So I used 22k, which is similar in hardness to sterling silver. I really took my time. I didn't want to screw up with gold. Things went well. I wound up cutting a hole in the bottom of the setting for the point of the stone to sit in, but then soldered another smaller piece underneath because I wanted to totally enclose the stone in the bezel/backing and not have any transparency- so I could blacken the inside completely and hence try to have the fire in the stone accentuated. 

I generally like transparent stones like this with a big hole in the back to see through, because of the fact that they are transparent. But another jeweler recently advised me to enclose and blacken the background, so I gave it a try. Plus, it made the shank design easier. I'm still on the fence about if I like it enclosed or see-thru. I sort of felt like it was a short cut to solder that piece of backing on. What I should've done was create a piece of bezel that was taller so I didn't have to do that, but I was using commercially-made bezel and didn't want to take the time to forge a taller piece. Argghhh.....

I then went to work on the shank, fusing 3 rings of 16 ga. Argentium wire. I really wanted to fuse a few gold balls onto the shank near the position you see them in, but they just wouldn't stay put. I probably could've used a product to make them stick; I'm not sure. I didn't take the time to look into it.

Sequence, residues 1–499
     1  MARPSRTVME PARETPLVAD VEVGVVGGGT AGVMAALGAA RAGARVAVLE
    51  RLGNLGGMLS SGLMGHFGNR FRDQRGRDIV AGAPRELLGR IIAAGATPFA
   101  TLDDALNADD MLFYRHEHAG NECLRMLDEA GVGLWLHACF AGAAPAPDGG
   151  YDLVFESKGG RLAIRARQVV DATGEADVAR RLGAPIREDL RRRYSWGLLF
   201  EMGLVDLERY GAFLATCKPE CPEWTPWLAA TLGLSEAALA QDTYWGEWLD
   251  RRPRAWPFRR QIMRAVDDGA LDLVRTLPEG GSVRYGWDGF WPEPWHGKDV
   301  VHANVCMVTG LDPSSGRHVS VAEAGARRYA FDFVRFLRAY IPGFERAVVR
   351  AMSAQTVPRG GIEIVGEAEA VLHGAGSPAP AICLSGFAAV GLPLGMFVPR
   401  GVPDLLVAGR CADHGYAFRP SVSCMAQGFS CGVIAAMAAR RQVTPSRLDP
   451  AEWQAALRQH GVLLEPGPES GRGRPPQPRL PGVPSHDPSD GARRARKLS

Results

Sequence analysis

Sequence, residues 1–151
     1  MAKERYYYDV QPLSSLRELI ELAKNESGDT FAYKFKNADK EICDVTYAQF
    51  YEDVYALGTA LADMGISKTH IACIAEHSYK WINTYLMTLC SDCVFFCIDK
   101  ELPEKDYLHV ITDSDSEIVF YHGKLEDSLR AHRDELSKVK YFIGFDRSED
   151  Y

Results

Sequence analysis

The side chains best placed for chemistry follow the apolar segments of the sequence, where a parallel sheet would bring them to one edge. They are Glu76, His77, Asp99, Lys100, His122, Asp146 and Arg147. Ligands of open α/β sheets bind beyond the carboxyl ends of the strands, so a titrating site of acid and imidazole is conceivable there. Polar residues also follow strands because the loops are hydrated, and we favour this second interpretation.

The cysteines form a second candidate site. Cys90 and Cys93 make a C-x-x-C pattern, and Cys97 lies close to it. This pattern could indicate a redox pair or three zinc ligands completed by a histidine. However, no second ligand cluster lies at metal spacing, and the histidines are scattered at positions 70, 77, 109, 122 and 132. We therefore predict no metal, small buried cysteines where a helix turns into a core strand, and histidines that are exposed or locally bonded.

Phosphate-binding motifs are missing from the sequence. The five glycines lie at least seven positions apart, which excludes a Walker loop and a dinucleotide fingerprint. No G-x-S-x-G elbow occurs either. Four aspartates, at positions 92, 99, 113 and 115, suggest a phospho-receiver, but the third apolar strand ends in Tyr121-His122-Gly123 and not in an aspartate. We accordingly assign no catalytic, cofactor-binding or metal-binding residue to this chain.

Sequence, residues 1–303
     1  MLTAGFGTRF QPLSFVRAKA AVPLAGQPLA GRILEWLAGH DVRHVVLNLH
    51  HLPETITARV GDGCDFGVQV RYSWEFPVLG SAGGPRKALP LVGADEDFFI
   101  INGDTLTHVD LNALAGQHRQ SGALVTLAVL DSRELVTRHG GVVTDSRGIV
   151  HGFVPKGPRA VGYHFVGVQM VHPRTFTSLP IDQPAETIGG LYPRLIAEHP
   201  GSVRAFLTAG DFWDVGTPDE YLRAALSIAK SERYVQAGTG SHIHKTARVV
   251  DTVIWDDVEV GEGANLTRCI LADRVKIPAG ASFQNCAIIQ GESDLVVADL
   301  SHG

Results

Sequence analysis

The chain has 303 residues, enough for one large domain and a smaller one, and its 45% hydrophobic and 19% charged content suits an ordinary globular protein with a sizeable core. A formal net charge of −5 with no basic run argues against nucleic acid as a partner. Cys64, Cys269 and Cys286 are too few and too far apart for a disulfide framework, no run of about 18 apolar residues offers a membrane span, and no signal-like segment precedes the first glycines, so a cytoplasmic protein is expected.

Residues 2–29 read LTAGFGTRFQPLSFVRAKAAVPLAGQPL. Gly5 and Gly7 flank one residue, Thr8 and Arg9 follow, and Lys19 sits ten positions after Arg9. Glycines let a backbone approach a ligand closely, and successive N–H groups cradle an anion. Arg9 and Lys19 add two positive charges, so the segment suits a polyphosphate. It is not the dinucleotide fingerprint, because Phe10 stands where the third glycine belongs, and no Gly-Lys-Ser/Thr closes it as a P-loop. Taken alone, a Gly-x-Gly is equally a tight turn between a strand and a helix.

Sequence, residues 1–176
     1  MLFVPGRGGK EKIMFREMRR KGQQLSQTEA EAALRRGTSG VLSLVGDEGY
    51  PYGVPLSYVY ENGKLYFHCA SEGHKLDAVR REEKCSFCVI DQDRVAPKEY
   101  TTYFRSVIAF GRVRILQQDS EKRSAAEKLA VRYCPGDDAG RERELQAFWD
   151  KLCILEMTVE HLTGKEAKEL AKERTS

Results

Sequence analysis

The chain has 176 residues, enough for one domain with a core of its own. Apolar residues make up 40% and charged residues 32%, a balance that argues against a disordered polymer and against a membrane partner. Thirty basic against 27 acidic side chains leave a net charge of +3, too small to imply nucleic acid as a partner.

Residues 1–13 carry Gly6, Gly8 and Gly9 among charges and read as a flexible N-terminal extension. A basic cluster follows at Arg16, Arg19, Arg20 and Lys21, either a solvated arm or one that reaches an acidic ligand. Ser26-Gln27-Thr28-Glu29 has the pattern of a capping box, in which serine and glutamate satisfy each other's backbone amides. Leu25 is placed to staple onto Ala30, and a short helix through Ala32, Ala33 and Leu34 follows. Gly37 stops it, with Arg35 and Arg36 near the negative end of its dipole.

So what I did instead was fuse the 3 ball clusters you see on the ring first, using the 22k gold and Argentium. Then I carefully positioned the clusters on the band (took a WHILE because they would not stay!) and fused them on.

And what did I discover when I finished? Well, from the below shot you can see it clearly- the ball cluster on one side fused on crookedly. So what I did: kept going. What I should've done: re-made the band.

I finished the ring and was instantly deflated because the crookedness is just not something I'm proud of or should've allowed. And this is why this post is called the trouble with Dana- because Dana rushes to get things made. 

This is not a good quality.

I have a show next weekend, the only one I do all year. And I'm feeling the pressure to produce. And that's when I do stupid things! It all started when I first joined Etsy. I sold a ring after just 2 days. And then a week later another item. I was hooked! I LOVED the fact that someone was willing to spend their hard-earned money on something I made. It's like an addiction, a high. The making of something and having it be done also produces a high. And on Etsy, there is a lot of pressure to produce something new. There is constant "What do you have that's new" and I'll admit I am guilty of producing some work I'm not proud of because of that sense of urgency. It's not good.

This is something I continue to struggle with. My finishing skills are lacking because I'm usually trying to 'get to the finish line'. 

I need to try to do better.

So now, I'm struggling with spending even more time correcting the ring by sawing the offensive ball cluster off and re-attaching it with low-temp solder, leaving it as is and putting it up for sale, or keeping it.

Motto for Dana: slow down & do it right the first time!!!

(P.S. the bezel did turn out really well, though!)

Friday, April 12, 2013

Opal Myths

I've always always always loved opals. They contain every color in the rainbow. And I've always loved color. I'm not a big diamond person- I'd much rather have an opal than a diamond. But many people are just the opposite. And they blame opals for 'bad luck'. How can that be? Opals have brought me nothing but beauty and happiness. So I wanted to examine why opals have gotten a bad rap in recent years.